Royally Scammed by Progressive Insurance Snapshot

By Karen

Lesson: Scratch the surface of any insurance company and you’ll find a thief whose raison d’être is to take your money and provide as little as possible — or, optimally, nothing — in return.

Shopping for a better deal on car insurance, I foolishly ordered Progressive Insurance’s Snapshot monitoring device and chauffeured it around for 30 days to see if I could earn a discount, which Progressive claims could be as much as 30%.

First, let me set the scene: I’m one step above little old lady who only drives to church on Sundays. I work at home, with no rush-hour commutes. I drive 3-4 times a week on errands on suburban roads, 99% during the day, and mostly within a 10-mile radius. I’ve put 80,000 miles on my car in 14 years (that’s 5,714 miles/year).

I figured I’d be a shoo-in for big savings. Here’s how Progressive explains it:

This video is untrue because Progressive also monitors acceleration (and turns — keep reading), and gives no feedback on time of day.

My driving during this time has been uneventful, yet Progressive projected me as behaving badly per 100 miles from the outset, a lead foot who stomps the brake every 7 miles. When I actually traveled 100 miles, the braking was lower, yet still considered “opportunity” for improvement (i.e., if you ever have to stop, you’re driving poorly):

Progressive-brakes

Progressive averaged my infrequent trips to 6.5 miles per day — placing me on the road and vulnerable to accidents — 7 days a week. In truth, it’s less than half that.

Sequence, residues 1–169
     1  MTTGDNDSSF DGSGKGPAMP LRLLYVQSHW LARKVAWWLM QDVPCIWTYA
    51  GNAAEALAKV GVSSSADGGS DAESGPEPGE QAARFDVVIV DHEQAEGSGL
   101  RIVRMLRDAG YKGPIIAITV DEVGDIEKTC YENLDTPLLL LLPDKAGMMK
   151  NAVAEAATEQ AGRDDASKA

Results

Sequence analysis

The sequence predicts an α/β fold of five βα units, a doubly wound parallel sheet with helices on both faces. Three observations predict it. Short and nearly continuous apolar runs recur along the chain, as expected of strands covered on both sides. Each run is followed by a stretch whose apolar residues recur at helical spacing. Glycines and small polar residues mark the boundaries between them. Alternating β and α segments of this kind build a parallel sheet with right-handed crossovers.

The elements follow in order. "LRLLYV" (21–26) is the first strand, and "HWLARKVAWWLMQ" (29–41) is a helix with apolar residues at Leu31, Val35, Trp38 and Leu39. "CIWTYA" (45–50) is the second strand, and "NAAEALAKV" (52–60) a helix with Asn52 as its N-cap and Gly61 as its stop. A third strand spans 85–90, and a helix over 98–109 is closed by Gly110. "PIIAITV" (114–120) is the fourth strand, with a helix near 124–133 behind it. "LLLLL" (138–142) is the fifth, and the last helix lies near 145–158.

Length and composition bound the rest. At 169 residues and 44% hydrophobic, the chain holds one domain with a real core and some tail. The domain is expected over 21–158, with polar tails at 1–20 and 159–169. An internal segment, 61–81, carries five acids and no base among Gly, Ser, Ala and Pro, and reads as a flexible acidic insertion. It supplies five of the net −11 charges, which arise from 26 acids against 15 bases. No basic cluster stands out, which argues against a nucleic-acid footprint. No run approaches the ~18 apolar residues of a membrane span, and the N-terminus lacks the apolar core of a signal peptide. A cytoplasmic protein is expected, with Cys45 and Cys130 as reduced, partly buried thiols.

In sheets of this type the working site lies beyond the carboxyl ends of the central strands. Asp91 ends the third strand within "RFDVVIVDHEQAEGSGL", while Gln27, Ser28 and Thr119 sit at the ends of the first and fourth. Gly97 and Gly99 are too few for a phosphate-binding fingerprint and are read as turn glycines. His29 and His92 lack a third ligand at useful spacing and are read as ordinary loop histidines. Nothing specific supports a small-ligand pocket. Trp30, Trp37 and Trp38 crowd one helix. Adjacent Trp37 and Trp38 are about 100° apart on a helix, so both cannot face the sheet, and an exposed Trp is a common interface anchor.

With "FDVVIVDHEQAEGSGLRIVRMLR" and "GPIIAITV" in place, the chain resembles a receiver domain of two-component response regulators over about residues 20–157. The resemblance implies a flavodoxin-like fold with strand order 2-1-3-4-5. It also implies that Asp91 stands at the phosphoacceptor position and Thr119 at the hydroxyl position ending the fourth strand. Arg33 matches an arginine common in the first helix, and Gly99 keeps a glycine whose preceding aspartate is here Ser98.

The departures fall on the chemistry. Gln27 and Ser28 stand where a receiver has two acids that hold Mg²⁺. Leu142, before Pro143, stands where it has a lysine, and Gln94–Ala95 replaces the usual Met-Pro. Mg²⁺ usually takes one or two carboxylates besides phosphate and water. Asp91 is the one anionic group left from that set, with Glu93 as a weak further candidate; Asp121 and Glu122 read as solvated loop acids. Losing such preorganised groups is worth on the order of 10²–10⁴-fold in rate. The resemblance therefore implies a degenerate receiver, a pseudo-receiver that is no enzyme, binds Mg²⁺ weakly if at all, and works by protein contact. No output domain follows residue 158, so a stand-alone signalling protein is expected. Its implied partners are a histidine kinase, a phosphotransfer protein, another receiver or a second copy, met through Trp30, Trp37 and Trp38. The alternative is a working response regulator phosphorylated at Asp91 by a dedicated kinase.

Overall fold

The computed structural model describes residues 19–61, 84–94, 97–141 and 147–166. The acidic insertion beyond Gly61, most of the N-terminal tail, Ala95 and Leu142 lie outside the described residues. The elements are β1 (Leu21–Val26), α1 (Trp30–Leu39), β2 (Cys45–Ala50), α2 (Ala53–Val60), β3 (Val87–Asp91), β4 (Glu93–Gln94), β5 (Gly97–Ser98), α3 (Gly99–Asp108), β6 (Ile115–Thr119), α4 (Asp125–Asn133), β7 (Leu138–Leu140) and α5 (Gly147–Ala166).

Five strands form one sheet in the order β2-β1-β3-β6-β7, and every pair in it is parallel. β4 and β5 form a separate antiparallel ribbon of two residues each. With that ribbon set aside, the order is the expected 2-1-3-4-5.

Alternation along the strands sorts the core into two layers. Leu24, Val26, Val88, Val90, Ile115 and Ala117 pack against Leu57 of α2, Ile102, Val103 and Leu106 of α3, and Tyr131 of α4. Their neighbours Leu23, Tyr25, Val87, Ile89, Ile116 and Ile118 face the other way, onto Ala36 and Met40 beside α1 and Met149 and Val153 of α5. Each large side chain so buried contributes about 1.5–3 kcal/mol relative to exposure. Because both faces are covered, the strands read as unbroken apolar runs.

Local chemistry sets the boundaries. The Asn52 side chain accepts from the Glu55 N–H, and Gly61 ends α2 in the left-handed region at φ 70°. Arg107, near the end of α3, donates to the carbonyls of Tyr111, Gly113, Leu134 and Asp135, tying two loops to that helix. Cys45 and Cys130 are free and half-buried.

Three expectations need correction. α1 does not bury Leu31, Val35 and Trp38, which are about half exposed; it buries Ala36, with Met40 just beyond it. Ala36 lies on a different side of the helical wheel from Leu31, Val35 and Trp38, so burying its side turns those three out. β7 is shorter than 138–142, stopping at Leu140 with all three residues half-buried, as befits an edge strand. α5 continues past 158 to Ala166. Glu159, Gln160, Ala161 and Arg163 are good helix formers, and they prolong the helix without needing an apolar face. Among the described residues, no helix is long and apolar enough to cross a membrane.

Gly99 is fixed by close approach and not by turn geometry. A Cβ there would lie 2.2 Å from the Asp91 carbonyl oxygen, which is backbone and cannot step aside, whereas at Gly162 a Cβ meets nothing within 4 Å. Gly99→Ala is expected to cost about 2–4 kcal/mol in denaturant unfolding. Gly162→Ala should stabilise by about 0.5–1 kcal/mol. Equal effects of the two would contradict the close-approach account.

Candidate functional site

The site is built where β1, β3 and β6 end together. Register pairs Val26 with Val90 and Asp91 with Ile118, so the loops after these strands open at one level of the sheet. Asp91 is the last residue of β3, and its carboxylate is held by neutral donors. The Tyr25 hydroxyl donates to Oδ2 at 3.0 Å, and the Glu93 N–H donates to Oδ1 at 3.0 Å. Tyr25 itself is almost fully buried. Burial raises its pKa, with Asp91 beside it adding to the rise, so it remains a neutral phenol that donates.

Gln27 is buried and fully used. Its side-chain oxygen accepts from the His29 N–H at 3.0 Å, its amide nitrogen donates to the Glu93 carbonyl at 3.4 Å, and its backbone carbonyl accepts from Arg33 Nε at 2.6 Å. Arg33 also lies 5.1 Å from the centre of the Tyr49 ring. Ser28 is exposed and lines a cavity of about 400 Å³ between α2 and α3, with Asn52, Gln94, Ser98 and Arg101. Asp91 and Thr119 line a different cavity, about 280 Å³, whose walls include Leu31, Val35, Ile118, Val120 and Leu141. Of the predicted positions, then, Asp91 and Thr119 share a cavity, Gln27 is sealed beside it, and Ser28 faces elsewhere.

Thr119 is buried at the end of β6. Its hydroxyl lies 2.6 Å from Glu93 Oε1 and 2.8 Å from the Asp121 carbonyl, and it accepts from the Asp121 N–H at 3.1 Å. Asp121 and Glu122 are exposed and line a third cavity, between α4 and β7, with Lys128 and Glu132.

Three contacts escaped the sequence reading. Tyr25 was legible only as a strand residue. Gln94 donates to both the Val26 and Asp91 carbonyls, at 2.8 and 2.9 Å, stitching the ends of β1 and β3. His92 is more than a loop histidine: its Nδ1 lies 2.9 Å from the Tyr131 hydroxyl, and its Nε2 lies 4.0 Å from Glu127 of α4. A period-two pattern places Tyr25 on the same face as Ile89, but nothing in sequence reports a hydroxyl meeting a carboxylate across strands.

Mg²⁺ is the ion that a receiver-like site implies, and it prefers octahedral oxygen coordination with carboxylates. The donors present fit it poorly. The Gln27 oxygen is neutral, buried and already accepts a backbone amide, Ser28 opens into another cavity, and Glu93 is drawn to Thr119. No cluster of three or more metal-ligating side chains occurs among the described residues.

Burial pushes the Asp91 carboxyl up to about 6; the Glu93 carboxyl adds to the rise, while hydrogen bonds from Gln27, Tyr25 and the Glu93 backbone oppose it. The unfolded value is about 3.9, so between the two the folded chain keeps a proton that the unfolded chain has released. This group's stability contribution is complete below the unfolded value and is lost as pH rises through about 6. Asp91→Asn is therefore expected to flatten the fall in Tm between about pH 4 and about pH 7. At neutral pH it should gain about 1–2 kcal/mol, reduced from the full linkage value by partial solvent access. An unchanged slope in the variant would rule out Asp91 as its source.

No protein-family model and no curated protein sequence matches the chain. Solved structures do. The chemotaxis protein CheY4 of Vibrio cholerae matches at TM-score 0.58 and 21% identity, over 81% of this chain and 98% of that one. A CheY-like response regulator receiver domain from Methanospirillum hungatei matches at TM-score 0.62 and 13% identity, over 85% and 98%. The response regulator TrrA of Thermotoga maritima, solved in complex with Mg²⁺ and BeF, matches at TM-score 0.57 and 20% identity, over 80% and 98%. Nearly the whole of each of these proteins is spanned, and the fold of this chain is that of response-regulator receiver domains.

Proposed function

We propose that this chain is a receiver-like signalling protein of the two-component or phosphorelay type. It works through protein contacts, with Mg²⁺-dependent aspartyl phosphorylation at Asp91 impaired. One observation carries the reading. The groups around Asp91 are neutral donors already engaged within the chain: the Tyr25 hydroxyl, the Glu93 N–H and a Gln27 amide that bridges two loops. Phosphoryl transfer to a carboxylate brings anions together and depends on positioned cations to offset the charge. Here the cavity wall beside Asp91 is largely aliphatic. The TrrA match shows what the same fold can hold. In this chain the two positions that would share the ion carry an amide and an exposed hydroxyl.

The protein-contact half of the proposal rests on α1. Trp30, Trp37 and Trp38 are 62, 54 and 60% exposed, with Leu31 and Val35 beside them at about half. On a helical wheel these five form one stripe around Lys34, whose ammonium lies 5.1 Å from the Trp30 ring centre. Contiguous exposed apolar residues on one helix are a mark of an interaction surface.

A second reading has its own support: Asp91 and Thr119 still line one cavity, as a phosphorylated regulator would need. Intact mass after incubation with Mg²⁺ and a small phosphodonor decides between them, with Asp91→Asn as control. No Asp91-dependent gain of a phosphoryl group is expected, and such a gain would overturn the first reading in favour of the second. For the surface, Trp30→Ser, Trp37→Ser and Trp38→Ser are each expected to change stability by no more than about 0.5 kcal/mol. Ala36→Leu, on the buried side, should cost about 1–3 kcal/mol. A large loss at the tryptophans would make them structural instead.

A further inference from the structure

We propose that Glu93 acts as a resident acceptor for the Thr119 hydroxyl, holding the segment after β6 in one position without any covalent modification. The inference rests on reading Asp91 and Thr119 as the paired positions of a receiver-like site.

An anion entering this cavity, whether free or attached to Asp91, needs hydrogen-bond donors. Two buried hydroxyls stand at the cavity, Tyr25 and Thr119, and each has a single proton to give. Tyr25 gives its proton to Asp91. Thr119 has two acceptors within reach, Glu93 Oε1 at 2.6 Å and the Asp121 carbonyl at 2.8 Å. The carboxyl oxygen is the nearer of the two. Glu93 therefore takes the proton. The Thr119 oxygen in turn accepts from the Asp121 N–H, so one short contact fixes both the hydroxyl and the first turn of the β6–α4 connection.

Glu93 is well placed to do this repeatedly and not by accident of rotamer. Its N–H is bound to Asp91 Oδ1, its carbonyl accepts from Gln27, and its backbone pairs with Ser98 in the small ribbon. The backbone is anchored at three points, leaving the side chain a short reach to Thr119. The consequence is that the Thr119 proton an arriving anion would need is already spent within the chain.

Progressive-mileage

And here’s the unexplained “rapid acceleration” graph…

Progressive-Acceleration

Knowing how I drove, it would seem that what Progressive’s underwriters consider “hard” braking and “rapid” acceleration are what the rest of us call “driving.”

As for turning, the Snapshot occasionally beeped like a panicked backseat driver when I was making perfectly reasonable 90-degree turns.

The 30 days were up today, and Progressive offered me 6% savings.

Progressive

But they still wanted to know more, like my marital status, level of education, home ownership, and Social Security number (which I withheld).

The result was that I qualified for NO DISCOUNT. ZERO.

Progressive-NoSavings

I never got a premium figure, so I’ll never know how Progressive stacks up to my current insurer. But Progressive can take their Snapshot device and…

CAUTION: If your driving ever involves making the car move, your chances of getting a discount from Progressive are probably slim to none, so keep them out of your business. Otherwise, for the rest of your freaking life you’re going to see Flo’s garish face popping up in ads on nearly every screen on the Net.

Progressive-Ad

And I’d be willing to bet Progressive will ultimately profit from my gullibility by selling the tidy trove of personal information they’ve collected.

All I can say is, shame on me.

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12 Responses to Royally Scammed by Progressive Insurance Snapshot

  1. Bob Leadbitter says:

    Well, my goodness! Someone has to pay for those every-15-minute TV commercials. And nabbing you rocketing around town in your Maserati is just the ticket, right? And by the way, Flo no longer works for cheap.

  2. annie pelfrey says:

    by the way- that actress is SO annoying!

  3. annie pelfrey says:

    forgot to post first comment- can’t make up your story (i’m also a little old lady behind the wheel-no left turns!)

  4. catsworking says:

    Welcome, Bob! Of course you are so right. Someone has to finance the ads to keep them in our faces 24/7, and keeping Flo in eye shadow, lipstick, and hair spray must be a big chunk of it.

    UPDATE: I DID get a quote from Progressive finally, via email. For a 6-month policy, they are $98 less than I currently pay, but I don’t know if that’s discounted at all.